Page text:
By SOSIVETA KOROBIAU
BLUE Prosperity Fiji is an opportunity for Fijians to have an improved understanding of our ocean and resources, as well as create a space to better navigate its development and protection,
says Arthur Sokimi, the programme’s country manager.
To this extent, he said the Blue Prosperity Fiji programme had embarked on a large-scale ocean science expedition across Fiji to gain a better understanding of existing marine life and resources.
This, according to Mr Sokimi, was the first nationwide ocean science expedition to be undertaken in the country, and would support other numerous surveys that had been done previously from Macuata to Yasawa, the Great Sea Reef, Vatu-i-Ra passage, Lau, Beqa and Yanuca.
“Determination of these sites was by the Ministry of Fisheries, led by their research division,” he said.
“The selection was informed by the needs of Government to understand the different parts of the country and the status of our coral reefs and marine ecosystem.
“Government can use the information to development management plans at community and national level to better manage our marine resources.
“These management plans do not only speak for the conservation of resources but for the needs of our people today, tomorrow and onwards.”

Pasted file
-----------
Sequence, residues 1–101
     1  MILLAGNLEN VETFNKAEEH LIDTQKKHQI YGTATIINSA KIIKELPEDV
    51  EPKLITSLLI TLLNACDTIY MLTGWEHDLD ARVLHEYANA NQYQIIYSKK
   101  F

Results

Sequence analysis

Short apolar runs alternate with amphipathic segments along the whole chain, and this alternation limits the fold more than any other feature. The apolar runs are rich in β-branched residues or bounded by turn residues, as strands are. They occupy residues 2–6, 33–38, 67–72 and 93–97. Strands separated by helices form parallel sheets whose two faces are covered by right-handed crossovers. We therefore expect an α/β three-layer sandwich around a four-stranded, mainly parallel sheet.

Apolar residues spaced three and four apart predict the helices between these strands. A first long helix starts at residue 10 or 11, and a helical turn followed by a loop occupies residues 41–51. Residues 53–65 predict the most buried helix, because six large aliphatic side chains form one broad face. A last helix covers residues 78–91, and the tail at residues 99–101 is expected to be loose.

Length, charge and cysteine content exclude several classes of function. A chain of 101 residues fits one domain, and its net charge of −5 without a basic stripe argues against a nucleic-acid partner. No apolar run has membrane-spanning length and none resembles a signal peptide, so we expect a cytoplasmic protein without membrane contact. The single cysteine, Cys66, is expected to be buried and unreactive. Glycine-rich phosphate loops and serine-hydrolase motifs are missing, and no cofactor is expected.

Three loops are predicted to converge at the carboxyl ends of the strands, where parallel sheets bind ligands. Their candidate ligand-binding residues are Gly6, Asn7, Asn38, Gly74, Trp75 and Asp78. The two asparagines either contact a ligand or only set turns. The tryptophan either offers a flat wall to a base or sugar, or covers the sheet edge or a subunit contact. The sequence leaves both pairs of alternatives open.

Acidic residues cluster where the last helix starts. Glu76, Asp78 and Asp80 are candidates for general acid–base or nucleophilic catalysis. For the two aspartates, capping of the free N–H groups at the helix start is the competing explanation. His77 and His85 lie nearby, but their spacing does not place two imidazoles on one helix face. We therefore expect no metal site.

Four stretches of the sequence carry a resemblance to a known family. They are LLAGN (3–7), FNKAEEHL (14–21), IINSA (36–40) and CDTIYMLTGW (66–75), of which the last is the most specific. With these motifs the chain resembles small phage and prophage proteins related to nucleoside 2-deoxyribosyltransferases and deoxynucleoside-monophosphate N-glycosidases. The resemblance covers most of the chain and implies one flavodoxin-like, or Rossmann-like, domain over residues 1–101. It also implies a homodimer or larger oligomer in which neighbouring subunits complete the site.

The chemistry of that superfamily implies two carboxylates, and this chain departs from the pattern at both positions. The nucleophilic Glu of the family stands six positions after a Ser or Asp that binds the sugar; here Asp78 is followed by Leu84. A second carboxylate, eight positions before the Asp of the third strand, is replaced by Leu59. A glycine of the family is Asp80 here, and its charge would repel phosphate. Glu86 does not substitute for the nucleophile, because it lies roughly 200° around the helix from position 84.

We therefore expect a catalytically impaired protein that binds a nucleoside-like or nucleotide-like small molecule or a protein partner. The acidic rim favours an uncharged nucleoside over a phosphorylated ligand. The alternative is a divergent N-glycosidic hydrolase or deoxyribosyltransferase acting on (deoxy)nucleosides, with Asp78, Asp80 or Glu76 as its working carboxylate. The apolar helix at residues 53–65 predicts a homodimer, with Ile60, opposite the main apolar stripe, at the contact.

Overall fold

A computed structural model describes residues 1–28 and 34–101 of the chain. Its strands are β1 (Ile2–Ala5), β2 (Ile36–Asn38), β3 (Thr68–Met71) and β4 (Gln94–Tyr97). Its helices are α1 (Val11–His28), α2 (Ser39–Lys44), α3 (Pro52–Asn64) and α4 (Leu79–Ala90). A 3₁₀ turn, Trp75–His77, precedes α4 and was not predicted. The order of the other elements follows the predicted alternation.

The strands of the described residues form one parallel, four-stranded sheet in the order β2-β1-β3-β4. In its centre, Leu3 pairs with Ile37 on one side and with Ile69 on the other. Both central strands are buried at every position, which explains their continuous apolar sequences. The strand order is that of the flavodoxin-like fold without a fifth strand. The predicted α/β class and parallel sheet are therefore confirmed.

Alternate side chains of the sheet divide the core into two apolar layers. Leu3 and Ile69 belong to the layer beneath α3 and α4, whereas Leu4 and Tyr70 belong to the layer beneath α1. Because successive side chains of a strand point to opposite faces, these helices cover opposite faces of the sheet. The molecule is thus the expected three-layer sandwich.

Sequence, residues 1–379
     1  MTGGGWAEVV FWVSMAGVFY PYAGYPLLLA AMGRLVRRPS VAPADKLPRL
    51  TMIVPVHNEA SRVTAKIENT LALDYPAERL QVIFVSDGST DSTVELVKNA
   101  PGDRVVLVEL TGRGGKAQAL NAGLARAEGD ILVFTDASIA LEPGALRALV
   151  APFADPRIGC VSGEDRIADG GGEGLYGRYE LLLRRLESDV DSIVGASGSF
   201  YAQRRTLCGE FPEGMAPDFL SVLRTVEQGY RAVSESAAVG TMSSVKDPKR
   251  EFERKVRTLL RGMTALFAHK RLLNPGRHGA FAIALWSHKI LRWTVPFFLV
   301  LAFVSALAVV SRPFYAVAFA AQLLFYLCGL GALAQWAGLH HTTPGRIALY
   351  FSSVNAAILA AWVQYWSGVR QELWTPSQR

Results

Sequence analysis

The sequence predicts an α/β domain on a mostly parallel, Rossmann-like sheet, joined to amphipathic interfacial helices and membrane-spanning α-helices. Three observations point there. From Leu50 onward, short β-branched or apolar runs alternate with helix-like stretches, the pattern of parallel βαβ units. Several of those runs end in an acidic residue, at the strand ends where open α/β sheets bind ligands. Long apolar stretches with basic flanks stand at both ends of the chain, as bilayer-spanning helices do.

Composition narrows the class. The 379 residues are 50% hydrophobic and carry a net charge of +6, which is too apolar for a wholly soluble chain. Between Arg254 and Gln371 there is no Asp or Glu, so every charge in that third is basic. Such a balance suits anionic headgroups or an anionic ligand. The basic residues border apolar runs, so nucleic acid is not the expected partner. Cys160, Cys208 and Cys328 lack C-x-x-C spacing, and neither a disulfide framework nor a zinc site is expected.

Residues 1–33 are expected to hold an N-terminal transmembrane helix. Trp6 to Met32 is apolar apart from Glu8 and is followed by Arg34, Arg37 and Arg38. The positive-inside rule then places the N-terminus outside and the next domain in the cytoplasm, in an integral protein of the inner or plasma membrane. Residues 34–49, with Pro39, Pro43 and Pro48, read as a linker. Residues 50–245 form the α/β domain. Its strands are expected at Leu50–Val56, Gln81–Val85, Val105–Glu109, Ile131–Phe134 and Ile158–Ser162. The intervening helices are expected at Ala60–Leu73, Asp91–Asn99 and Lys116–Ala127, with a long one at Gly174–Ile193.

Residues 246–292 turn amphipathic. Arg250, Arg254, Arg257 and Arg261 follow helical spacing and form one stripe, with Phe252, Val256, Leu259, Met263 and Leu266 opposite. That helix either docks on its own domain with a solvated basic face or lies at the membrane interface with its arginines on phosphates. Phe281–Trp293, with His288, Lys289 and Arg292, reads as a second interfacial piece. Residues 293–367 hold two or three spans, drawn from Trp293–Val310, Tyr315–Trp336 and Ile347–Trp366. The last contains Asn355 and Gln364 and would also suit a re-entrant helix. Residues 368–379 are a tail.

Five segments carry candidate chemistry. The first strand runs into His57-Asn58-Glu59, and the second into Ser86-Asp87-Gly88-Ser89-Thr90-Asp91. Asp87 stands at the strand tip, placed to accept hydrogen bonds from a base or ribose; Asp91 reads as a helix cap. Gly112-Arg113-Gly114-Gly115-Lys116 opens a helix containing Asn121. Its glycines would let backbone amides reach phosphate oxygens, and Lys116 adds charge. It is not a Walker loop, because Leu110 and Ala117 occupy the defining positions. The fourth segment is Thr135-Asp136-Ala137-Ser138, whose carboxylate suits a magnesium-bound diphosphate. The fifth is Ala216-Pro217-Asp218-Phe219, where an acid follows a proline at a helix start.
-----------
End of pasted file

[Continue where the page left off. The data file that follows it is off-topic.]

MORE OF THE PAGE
The dive expedition boasts around 15 advanced certified divers, including three officers from the ministry, who would be diving into designated waters across Fiji to find out more about the ocean’s health status and at the same collecting and collating data for future use.
“We are not going to be sugarcoating any of the findings. The findings will speak for itself,” Mr Sokimi said.
“These are the findings Government will use to develop plans they want to have in place to ensure the sustainability of resources.”
This effort will be led by the Government of Fiji and supported by local non-governmental organisations, The University of the South Pacific (USP), international scientists, and the Waitt Institute.
Fiji had formalised a partnership with the Waitt Institute to implement 30 per cent protection of Fiji’s waters from 0-200 nautical miles and support ocean management in three core areas; marine spatial planning, blue economy, and sustainable fisheries.
Prior to the expedition, the Government and Blue Prosperity Fiji teams conducted extensive community consultations and cultural protocols, including sevusevu to ensure the appropriate permissions were given to survey each qoliqoli area.
While officiating the launch of the Blue Prosperity Fiji ocean science expedition on May 22 at the Suva Royal Yacht Club, Minister for Fisheries Kalaveti Ravu said Fiji was now taking that much-needed leap to get the right information for informed policy decisions, three months after signing the memorandum of understanding between the Coalition Government and the Waitt Foundation.
“I have been advised that this expedition is one of the seven aspects of the agreement between Blue Prosperity Fiji and the Fijian Government,” Mr Ravu said.
“The expedition will help us understand the health of our corals, the status of our fish stocks, and the quality of our water across our islands so that we can make informed decisions and policy interventions about how to be responsible stewards of our oceans and its resources.
“Fiji’s history is marked by exploration. Our people would not be here if not for the explorers that ventured out across the sea in search of new lands and a better life.”